Thank you so much for how you continue to inspire, encourage and teach us. Your teaching is what inspired my husband and I to homeschool our children (2 are now graduated from college) and the fruit in their lives is such a blessing to our family.

May God continue to bless you and to use your gift for His glory.

Lisa

Connie said...

I began teaching these rules 16 years ago when my youngest was 5, also using Uncommon Courtesy for Kids and Rules for Young Friends. My 17 year-old came home from a conference yesterday and thanked my husband and myself for being awesome parents. He said, "The speaker was speaking about the lost courtesies that need to be revived and as he listed them - being thankful, opening doors for people - I thought, 'I do all those things, what good parents I have.'" God gets the glory, because He patiently leads us as parents and leads our children through us. I am grateful for the discipleship I received and these easy to use materials, which I am still using today to train my 10 and 8 year olds. Thank-you.

CG said...

Thank you for this list. I've printed it out and framed it. We refer to them often and have seen some positive changes in behavior in just one day of consistently following them. You're right- It's so easy to discipline and instruct only when it's convenient or we're not in a great mood. This also helped us to define specific wrongs in our childrens' eyes. Instead of, "You're not loving your brother" (which we say all day long) we now go to the list and re-read the rule about speaking respectfully to one another, or not harming one another physically or with words. We move on to #21, say a prayer, and then "re-do" things the right way. I also find myself being more aware of MY actions, tone of voice, etc. Thank you once again!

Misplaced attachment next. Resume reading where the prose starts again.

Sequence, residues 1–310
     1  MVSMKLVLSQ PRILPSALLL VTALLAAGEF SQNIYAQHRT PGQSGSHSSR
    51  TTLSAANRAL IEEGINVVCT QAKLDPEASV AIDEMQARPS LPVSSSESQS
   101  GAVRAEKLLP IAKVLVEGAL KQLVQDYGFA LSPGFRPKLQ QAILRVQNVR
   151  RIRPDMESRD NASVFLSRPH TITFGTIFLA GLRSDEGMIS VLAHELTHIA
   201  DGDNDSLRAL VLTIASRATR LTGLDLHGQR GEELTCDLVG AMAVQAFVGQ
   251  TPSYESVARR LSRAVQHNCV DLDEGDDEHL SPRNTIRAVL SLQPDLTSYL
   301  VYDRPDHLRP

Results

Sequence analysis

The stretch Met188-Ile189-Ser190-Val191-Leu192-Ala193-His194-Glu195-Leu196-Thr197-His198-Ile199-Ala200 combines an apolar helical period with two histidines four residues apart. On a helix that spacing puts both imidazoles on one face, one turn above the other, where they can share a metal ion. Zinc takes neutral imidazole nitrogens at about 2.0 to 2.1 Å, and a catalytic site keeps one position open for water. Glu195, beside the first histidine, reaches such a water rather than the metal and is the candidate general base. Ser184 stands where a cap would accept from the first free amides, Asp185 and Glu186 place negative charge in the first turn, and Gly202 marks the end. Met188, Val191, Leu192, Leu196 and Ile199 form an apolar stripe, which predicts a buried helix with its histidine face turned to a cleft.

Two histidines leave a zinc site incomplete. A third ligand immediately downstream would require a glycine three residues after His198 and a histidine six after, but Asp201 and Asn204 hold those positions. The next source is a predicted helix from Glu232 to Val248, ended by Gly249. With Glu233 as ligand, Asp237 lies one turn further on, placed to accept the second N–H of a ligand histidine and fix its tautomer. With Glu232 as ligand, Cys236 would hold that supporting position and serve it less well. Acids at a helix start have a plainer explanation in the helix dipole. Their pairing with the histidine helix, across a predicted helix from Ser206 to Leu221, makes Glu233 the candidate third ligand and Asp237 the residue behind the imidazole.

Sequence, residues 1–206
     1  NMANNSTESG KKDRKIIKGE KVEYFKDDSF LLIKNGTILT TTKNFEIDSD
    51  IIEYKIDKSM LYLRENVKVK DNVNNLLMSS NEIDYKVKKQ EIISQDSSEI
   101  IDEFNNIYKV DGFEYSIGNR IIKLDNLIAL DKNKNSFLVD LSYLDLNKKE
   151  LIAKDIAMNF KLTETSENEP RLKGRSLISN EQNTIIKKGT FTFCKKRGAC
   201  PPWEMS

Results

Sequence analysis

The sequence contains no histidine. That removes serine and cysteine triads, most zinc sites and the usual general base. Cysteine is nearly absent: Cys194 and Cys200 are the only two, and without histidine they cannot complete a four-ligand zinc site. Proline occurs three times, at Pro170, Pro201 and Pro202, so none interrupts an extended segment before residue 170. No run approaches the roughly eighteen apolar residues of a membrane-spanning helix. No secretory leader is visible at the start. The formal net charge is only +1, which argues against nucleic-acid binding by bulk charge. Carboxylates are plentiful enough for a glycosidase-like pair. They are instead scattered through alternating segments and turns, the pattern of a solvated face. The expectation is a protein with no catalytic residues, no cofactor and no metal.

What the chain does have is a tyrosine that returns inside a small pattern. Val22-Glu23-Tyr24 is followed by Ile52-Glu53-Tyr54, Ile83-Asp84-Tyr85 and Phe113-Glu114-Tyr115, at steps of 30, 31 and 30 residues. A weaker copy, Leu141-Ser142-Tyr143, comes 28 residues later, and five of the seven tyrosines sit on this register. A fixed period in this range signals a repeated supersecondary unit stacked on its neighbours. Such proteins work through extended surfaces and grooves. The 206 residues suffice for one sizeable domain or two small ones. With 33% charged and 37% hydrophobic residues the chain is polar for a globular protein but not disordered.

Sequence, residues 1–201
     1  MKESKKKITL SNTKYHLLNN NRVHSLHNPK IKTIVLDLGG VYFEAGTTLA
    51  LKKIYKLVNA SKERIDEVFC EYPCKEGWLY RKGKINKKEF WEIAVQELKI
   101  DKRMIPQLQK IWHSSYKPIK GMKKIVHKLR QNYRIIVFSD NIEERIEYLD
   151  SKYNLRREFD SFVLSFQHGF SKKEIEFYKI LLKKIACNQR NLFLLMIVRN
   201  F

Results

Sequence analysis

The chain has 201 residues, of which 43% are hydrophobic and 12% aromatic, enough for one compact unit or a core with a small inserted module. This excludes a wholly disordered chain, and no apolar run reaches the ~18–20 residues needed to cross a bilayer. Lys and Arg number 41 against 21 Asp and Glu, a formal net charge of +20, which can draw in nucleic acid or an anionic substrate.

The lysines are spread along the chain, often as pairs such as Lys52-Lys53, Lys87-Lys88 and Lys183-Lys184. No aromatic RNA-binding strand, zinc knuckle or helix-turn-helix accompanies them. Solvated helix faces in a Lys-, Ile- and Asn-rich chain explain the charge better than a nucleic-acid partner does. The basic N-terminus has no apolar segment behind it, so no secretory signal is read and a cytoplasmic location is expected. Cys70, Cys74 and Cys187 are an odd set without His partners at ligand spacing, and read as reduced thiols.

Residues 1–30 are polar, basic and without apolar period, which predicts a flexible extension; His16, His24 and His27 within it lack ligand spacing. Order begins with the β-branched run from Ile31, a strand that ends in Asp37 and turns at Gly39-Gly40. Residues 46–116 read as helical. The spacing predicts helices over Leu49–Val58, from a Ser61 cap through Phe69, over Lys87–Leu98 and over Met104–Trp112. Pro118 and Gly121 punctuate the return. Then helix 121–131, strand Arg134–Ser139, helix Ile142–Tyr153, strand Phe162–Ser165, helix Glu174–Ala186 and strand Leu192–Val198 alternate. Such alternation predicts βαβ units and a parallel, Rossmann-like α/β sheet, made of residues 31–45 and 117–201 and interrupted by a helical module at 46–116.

THE OLD GEEZER said...

I say amen to your rules list :-)

I added myself to follow your blog. You are more than welcome to visit mine and become a follower if you want to.

God Bless You :-)

~Ron

Varenikje said...

Well, I can't seem to figure out another way to do this, so here goes. A long, long time ago, I listened to you speak and it seems to me that you suggested a book that recommended that children have a quiet time in their day. This may or may not be a nap, but at least a quiet time where the child would read or do something else that was quiet. Can you think of what book it is that you were suggesting? At the risk of dating myself, this would have been about, oh, 20 or more years ago. Somewhere around there. So, this is kind of a quiz: do you remember?

Lisa @ Me & My House said...

We still have (and use) the original 21 Rules illustrated by Josh, that we purchased from you when they first came out. Good stuff.

Anonymous said...

What kind of discipline should be done... im at a loss ie.. how to go about the discipling.. time out. taking things away?

Anonymous said...

Anonymous, Discipline comes from the word disciple and we must always understand it as teaching - not punishment.

Rather than removing priveleges, think of how you could help the child learn how to follow the rule by giving them the tools they need to be able to be successful in that area of their life.

Remember - children are learning, not doing.

Doug On The Inside said...

Thank you.

Unknown said...

Gregg,
I was introduced to your 21 Rules 20 years ago and want to pass them on to the younger generation. Is there a way to buy the 21 Rules in a laminated form that is separate from buying the book? I would like to give them out at a Young Moms brunch.